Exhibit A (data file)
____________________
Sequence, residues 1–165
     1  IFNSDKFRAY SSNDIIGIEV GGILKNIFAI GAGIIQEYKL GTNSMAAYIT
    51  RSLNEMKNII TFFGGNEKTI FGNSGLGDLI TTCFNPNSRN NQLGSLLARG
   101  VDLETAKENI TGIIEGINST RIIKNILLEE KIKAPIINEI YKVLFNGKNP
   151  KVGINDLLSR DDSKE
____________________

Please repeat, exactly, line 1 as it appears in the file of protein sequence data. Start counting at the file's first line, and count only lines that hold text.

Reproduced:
Sequence, residues 1–165